A respected political prognosticator has taken its first look at the U.S. Senate race in Wisconsin in 2022 and likes the Republican Party’s chances – so far.
Sabato’s Crystal Ball, a product of the University of Virginia Center for Politics, released its first report on the 2022 Senate race on Thursday. According to J. Miles Coleman, the report’s author, Crystal Ball currently ranks the race as “leans Republican.”
Coleman notes that Wisconsin and Pennsylvania are the only two Senate seats the Republicans are defending in states that were won by President Joe Biden in 2020.
Originally elected in 2010 with support from the Tea Party movement, Sen. Ron Johnson (R-WI) defeated then-Sen. Russ Feingold (D-WI), a progressive icon in the state. Johnson then, rather impressively, survived a 2016 rematch. In the heat of that rematch, he told voters he was running for his final term. Then, in early 2019, Johnson began backtracking on his pledge and now seems outright non-committal. If he retires, Republicans from the state’s House delegation or legislature will likely look at the race — though Johnson himself first won by running as a businessman with no prior elected experience, a template others could follow.
Lt. Gov. Mandela Barnes, who is Black and has a base in Milwaukee, is seen as a top Democratic prospect and Outagamie County Executive Tom Nelson is running. As with Rep. Ryan in Ohio, if longtime Rep. Ron Kind (D, WI-3) is dealt an unfavorable hand in redistricting, he could finally launch a statewide run. Kind had the closest race of his career in 2020, and his western district could easily absorb redder turf. Until the playing field here is more certain, we’re giving the incumbent the benefit of the doubt in Wisconsin, and keeping it at Leans Republican.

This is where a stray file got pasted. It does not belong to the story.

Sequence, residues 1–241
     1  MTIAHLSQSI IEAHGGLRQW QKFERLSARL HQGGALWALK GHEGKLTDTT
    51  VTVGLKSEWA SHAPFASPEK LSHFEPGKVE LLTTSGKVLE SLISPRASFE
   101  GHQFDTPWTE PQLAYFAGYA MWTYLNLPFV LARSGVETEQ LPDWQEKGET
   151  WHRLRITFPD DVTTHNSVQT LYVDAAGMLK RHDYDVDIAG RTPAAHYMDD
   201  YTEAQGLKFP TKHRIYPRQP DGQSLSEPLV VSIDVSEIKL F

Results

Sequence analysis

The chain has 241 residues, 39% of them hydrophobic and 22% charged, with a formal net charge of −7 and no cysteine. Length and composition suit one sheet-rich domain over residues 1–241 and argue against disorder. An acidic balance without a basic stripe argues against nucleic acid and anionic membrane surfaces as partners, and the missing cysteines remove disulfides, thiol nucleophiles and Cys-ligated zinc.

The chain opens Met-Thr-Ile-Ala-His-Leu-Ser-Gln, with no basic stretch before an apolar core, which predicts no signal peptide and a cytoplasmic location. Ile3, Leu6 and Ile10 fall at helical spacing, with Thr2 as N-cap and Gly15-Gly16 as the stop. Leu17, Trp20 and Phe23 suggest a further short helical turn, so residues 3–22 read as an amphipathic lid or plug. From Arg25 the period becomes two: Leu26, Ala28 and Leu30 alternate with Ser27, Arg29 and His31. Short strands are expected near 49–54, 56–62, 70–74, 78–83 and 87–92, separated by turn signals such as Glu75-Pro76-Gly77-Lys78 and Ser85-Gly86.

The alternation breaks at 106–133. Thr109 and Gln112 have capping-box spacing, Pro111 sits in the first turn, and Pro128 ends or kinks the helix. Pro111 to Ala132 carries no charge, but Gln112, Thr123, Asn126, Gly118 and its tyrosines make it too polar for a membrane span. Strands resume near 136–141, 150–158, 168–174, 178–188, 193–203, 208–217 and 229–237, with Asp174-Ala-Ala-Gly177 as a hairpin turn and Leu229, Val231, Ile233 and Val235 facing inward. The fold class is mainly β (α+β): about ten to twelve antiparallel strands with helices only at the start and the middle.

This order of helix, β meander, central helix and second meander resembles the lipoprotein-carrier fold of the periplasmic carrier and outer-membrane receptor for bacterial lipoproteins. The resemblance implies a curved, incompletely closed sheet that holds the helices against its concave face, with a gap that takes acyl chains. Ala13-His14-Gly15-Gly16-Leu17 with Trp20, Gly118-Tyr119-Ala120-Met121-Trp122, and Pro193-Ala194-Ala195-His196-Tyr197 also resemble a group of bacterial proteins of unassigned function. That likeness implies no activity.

Missing from Coleman’s list of Democrats is Milwaukee Bucks senior vice president Alex Lasry, who was also the Democratic National Convention host committee finance chair. Lasry is the son of billionaire hedge fund manager Marc Lasry, a co-owner of the Milwaukee Bucks, so the family’s deep pockets could continue the Democrats’ recent campaign funding advantage in Wisconsin.
According to Coleman, a major swing in the U.S. Senate is unlikely after the 2022 elections. “For 2022, the playing field should be much narrower,” Coleman wrote. “Republicans will hold 20 of the 34 states that are up to Democrats’ 14 — both sides have a few offensive opportunities, but a six-seat gain for either side, like we saw in 2010 with this class, seems unlikely.”
However, the Democrats’ best hope for major gains is through the “rust belt.”
“Democrats’ clearest path to gaining seats runs primarily though the Rust Belt, as Pennsylvania and Wisconsin seem to be their top offensive races, though they may finally get lucky in North Carolina,” Coleman wrote.
Republicans have to look to mostly warmer states to make gains in the Senate which won’t be easy.
“We rate four states — Arizona, Georgia, Nevada, and New Hampshire — as Leans Democratic, and these seem to be the most obvious GOP targets,” Coleman wrote.